There are only six northern white rhinos left in the world, conservationists have warned.
The news came as a white rhino died at the Ol Pejeta Conservancy near Nairobi, Kenya.
The 34-year-old animal, called Suni, was one of just two breeding male rhinos left.
He was taken to Africa from a zoo in Czech Republic, where he was born in 1980, to be a part of a breeding program.
The cause of his death is still unknown. Suni's father, also 34, died of natural causes in 2006.
"The species now stands at the brink of complete extinction, a sorry testament to the greed of the human race," the conservancy said in a statement.
"We will continue to do what we can to work with the remaining three animals in Ol Pejeta in the hope that our efforts will one day result in the successful birth of a northern white rhino calf."
According to WWF, there are only four northern white rhinos left in the world. Unconfirmed reports state there are also some in Sudan.
Rhinos and Poaching
The main cause of the white rhino population decline is poaching, animal rights activists said.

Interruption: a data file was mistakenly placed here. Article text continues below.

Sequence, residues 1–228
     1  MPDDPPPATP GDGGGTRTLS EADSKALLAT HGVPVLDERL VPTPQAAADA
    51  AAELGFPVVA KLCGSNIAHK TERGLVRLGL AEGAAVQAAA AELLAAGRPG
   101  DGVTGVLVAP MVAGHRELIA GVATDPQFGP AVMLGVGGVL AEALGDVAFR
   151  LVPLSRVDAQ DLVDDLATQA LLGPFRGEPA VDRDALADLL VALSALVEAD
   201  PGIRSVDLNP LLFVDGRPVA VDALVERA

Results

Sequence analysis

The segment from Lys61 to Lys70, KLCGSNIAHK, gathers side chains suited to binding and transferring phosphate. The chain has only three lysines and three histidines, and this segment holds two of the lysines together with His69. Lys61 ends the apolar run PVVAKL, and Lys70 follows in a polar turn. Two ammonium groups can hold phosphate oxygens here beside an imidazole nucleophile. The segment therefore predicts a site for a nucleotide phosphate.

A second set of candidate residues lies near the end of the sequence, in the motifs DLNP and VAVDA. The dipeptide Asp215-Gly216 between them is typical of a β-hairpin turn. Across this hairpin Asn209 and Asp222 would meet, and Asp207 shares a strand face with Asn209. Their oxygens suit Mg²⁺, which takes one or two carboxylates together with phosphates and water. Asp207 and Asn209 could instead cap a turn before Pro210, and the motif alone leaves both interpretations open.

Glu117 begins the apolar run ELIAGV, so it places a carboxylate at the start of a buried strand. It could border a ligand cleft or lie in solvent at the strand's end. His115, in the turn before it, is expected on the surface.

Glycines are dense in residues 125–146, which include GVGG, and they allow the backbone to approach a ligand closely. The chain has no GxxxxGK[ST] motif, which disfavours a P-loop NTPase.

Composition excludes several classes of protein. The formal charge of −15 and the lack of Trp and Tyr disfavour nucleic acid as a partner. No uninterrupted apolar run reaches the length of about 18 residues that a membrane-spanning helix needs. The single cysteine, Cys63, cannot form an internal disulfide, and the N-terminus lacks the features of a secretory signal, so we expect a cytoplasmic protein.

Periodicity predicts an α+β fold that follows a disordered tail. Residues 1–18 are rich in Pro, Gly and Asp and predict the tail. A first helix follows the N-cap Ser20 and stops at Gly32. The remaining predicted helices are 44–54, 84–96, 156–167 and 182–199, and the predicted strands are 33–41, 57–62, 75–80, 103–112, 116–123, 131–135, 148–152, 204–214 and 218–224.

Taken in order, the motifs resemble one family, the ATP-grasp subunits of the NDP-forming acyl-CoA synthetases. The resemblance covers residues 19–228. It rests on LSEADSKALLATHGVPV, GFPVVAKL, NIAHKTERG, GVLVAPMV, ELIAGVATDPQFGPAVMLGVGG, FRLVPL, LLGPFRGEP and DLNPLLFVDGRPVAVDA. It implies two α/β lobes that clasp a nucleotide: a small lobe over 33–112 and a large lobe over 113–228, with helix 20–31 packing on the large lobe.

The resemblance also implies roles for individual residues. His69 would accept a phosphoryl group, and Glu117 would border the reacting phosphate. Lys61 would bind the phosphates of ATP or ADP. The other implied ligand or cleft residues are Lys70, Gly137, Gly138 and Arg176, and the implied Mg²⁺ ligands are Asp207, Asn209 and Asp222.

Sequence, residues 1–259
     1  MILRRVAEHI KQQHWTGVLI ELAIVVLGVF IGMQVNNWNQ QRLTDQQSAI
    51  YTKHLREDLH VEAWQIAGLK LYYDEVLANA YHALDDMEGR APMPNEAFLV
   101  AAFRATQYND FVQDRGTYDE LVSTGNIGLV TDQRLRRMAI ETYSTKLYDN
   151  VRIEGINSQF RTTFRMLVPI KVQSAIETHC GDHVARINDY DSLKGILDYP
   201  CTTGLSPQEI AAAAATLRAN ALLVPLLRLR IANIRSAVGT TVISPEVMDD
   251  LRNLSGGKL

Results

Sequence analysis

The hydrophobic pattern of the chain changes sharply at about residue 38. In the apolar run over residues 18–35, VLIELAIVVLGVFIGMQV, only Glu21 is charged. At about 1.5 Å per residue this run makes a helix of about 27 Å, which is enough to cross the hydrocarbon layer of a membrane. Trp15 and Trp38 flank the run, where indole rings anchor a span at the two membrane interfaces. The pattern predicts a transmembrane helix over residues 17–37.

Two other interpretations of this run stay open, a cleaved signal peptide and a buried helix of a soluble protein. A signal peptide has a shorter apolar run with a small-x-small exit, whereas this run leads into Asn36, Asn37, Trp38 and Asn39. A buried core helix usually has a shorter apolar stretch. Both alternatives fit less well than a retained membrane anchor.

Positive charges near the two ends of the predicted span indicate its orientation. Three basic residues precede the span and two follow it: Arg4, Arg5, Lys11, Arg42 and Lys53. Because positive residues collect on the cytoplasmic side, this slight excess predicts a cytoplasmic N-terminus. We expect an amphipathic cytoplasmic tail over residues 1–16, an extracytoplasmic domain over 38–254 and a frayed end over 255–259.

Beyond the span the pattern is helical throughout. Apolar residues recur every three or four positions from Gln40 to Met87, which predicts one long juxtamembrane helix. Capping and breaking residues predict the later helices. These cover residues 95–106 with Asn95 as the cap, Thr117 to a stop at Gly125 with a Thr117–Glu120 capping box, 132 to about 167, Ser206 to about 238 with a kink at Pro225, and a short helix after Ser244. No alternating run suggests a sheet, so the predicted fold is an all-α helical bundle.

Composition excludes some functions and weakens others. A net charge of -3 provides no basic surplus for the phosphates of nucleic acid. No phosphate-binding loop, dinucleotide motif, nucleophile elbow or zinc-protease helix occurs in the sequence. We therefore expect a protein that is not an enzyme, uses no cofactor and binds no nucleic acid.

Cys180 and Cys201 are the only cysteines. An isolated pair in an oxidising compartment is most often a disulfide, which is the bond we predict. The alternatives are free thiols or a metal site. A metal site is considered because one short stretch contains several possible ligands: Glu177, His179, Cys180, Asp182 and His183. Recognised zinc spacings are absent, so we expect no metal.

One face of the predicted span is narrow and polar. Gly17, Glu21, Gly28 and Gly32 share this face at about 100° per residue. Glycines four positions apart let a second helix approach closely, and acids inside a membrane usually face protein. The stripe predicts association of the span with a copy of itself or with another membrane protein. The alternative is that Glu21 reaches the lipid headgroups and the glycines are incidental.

As late as 1960, there were more than 2,000 animals remaining. By 1984, only about 15 individuals had survived.
Rhinos are killed for their horn, widely used in Vietnam and China in traditional medicine.
Namibia, home to the largest concentration (1,750 out of nearly 5,000) of the black rhino subspecies, now allows dehorning as a practice to halt poaching and prevent the animals from being killed.
In neighbouring South Africa, one of the countries worst affected by rhino poaching, at least 558 rhinos have been killed since the beginning of 2014. Last year, the number of rhinos killed was 1,004.
According to campaigners, 1,000 rhinos are killed each year by poaching, and the animals could be extinct in 20 years.